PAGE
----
After their award winning documentary, 'Suddenly, Last Winter', Luca and Gustav are back. This time they have to decide: should they stay in Italy, or leave it, like so many of their ... See full summary »
Award-winning filmmakers Luca Ragazzi and Gustav Hofer make a bold and cheeky return to Hot Docs with another timely and autobiographical look at contemporary Italian society. Following ... See full summary »
A story set in the 90s and in the outskirts of Rome to Ostia, the same places of the films of Pasolini. His characters, in the '90s, seem to belong to a world that revolves around hedonism.... See full summary »
In 2006, a general election in Italy gave a slim majority to a center-left coalition that promised legislation to provide civil unions and other rights to gay couples. In 2007, the government proposed a piece of moderate legislation, "diritti di coppie conviventi" (rights for cohabiting couples) or DICOs; it's quickly clear they face tough sledding in the Senate. Luca Ragazzi and Gustav Hofer, a couple for eight years, with camera in hand, follow the Senate proceedings weekly, seek interviews with politicians, attend anti-DICO rallies, and ask questions of persons in the street. The focus includes the meaning of family and Italy's implicit union of church and state. Written by
I saw three episodes of interviews where this gay couple, makers of this documentary about the level of acceptance in Italy about Gay Marriage, speaks about the project and its final consequences, when they finished the film and showed it in over twenty Italian cities and other European countries.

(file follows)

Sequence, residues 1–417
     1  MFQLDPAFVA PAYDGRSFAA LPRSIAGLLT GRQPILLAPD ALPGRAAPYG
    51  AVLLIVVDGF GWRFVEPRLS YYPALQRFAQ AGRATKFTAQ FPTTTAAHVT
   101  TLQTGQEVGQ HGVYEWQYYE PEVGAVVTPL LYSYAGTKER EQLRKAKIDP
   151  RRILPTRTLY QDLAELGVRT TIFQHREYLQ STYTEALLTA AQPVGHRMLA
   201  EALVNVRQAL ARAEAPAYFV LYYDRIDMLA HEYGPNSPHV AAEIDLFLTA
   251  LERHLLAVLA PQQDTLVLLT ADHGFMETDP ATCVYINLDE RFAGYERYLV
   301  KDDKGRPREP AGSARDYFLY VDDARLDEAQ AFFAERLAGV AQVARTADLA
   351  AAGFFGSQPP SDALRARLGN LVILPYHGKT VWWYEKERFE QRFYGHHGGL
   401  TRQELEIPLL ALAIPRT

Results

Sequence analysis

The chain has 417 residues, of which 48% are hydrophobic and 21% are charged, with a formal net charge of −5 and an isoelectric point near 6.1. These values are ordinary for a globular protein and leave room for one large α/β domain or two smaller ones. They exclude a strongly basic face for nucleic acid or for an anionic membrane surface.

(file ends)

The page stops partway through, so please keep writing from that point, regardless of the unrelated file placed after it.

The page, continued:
I just hope that from 2008 to the present 2013 things have changed in Italy about the Gay Marriage issue, otherwise, if one must judge the Italians through the few scenes (that I saw) where they show people being interviewed walking down the street and giving their opinions... the impression is quite shocking, since all the interviewed ones are bitter homophobes talking the most outrageous nonsense, no doubt brainwashed by the nearby Vatican.
I said I saw three episodes only because I couldn't continue watching, I found it too degrading to listen to people with no education and a big mouth giving opinions that made me cringe, made me feel ashamed for them, poor unfeeling persons utterly indifferent to other people's feelings or emotional needs.
I know that not all Italians are like those interviewed in this documentary, since having lived there several years I never met anyone of that sort and must admit a great deal of admiration for this gay couple's guts to go to the streets, present themselves as a gay couple being together for 8 years and asking passers by their opinion about Gay Marriage.
Not everyone --not me certainly!-- has the mettle to face this ordeal and they did it with flying colors. Their film was extremely well received in many countries save Italy, where only the southern part of the country received it very openly while the north, where they thought would have had the best reception, was rather aloof and cold.
I lived both in Italy and Spain, and was always amazed at the different mentality of these two Latin countries when it comes to sexual issues, the Spaniards are incredibly open, spontaneous and free while the Italians clam up the moment you touch the subject. Oh Vatican, Vatican!... the damage you have done to Italy is something that will take many years to heal!
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